Letters


 
 

From the August 2009 Issue | Monday, August 3, 2009


I was reading Bryan Bledsoe_s recent article about Jim Page and it made me think, I wish I could have met the man. My biggest concern for the future of EMS is a change in the culture of our workforce. There have been many articles about younger generations and their different work ethic,butI_m seeing a failure of the leadership to adapt.I wonder what the state of the industry will be like over the next 10 years as the current leadership retires and there_s no one who_s been groomed to continue the charge.

Josh Wenzel, BS, NREMT-P

Tupelo, Mississippi

EMS lost a great one. But I must say you_re doing a great job carrying on Jim_s need to change the status quo. You_re right on target with articles like "Myths of Modern EMS."I_m sure Jim is smiling.

Gary Kleeman. EMT-P

Corydon, Indiana

Tube Talk

I appreciate the concerns over the low success rate and poor patient outcome after ETI ("The Disappearing ET Tube," March JEMS). Rather than completely abandon a skill that has always been considered the gold standard in airway maintenance,why not look into the possible causes of the poor outcomesand what can be done to correct the issue?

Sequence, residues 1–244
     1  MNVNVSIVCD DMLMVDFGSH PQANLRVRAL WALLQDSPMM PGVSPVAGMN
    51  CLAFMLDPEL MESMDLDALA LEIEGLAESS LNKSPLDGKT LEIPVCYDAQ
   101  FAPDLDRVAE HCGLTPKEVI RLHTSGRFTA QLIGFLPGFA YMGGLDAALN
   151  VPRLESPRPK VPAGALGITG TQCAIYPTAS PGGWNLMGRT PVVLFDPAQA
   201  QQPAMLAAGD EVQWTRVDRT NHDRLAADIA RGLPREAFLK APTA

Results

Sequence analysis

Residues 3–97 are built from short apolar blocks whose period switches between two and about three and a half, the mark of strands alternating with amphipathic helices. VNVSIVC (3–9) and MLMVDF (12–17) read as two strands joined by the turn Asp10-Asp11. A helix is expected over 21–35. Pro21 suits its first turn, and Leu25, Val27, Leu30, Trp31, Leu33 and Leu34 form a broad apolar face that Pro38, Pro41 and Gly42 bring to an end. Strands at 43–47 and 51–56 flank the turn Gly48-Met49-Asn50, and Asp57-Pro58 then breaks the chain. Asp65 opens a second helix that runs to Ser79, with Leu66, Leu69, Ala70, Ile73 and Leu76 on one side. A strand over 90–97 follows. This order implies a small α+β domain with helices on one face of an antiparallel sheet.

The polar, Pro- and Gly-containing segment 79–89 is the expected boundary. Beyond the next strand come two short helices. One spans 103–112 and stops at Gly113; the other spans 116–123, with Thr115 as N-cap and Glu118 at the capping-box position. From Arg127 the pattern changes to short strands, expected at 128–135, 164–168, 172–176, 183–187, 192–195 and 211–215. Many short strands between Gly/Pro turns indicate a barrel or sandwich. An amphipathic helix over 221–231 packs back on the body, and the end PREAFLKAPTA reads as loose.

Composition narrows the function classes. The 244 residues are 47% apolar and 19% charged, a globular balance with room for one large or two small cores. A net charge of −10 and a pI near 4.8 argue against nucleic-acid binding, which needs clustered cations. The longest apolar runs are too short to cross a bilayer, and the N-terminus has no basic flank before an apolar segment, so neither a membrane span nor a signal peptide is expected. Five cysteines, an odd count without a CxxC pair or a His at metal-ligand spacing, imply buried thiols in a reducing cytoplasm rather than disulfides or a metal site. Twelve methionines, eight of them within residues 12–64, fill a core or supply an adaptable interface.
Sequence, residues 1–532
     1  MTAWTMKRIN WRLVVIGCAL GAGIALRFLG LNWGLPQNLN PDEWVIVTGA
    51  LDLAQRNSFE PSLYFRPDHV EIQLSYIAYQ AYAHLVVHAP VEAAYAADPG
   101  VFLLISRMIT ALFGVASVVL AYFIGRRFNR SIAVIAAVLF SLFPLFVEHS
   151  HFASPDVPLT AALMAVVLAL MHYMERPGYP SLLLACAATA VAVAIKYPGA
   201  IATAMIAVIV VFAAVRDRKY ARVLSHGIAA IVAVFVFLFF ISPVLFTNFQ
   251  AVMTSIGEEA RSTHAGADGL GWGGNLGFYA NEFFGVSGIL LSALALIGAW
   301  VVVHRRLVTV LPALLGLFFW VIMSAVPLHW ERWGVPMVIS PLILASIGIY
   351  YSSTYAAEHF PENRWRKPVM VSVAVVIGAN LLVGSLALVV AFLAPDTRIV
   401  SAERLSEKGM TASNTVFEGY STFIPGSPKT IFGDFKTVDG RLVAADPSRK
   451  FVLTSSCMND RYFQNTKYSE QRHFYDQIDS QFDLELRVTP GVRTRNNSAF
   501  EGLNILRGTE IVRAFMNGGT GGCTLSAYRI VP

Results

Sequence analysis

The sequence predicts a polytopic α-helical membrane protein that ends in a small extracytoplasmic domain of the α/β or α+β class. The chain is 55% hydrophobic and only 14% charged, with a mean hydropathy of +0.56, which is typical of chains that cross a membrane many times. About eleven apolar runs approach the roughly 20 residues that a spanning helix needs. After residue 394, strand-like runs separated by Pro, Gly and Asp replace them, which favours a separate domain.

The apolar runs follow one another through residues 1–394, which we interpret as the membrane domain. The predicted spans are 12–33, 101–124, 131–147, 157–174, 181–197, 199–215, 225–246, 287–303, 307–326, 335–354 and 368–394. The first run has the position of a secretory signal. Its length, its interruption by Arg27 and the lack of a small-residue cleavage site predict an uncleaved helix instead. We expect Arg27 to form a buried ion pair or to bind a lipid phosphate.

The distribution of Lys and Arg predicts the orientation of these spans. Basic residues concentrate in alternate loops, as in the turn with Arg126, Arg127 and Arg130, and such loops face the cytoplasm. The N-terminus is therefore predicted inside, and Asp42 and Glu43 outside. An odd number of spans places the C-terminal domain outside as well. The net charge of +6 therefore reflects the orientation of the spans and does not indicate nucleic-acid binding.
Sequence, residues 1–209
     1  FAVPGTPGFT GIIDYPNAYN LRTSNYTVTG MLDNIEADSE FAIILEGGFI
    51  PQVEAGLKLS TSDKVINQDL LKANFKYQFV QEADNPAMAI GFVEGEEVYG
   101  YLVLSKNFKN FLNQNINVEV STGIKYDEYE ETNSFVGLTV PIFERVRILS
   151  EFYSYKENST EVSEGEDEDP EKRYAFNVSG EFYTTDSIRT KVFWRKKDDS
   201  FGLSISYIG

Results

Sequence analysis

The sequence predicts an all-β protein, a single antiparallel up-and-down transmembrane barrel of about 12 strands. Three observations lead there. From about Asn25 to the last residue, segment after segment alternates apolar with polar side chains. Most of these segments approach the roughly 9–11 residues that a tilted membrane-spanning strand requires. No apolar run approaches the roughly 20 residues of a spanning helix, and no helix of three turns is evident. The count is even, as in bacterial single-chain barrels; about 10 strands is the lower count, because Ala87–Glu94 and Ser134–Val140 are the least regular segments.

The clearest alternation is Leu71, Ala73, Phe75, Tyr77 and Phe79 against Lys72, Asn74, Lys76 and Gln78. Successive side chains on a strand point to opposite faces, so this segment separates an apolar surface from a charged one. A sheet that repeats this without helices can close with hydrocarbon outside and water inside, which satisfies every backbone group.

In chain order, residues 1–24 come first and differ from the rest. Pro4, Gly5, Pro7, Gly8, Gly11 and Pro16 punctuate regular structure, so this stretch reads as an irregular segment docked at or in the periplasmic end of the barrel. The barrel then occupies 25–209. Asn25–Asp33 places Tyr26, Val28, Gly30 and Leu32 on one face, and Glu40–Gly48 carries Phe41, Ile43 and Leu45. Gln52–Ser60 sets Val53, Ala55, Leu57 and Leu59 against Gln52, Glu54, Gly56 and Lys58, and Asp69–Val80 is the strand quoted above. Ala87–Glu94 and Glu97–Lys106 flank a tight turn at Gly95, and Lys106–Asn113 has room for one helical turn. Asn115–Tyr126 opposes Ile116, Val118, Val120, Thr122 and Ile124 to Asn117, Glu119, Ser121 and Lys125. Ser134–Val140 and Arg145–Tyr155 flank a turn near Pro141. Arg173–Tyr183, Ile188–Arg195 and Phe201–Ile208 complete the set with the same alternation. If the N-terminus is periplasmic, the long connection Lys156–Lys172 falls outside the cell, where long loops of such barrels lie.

Tom Langley-Smith

Ontario, Canada

Bryan Bledsoe responds: If a procedure or skill goes away, some other procedure or skill will replace it. But, in the overall scheme of things, is EMS more about taking care of people than procedures and medications?

Double Trouble

As a former volunteer, I found "Troublemakers" in May JEMS in very poor taste. As for the call volume,you cannot put dollars on human life.I am at an agency that has less than 200 calls per year but is poverty stricken. Why? [We] have [our] priorities straight.

spenac



Editor-in-Chief A.J. Heightman responds: Your paid service_s commitment to 24-hour on-site staffing for fewer than 200 calls per year is commendable but not financially prudent. Research has shown that a service needs to answer at least 1,000 calls annually to survive with paid personnel.For the entire response, visitjems.com/zigmont.

CORRECTIONs

"2009 Hot Products" (June JEMS) stated that the ActFast Anti-Choking Trainer works in conjunction with a standard bag-valve mask, which is false.

From July Load and Go, Drs. Eugene Nagel and Jim Hirschman developed the first ECG telemetry and voice radio signal transmission devices in the late 1960s.JEMS




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Related Topics: Patient Care, Leadership and Professionalism, Airway and Respiratory, Jems Letters

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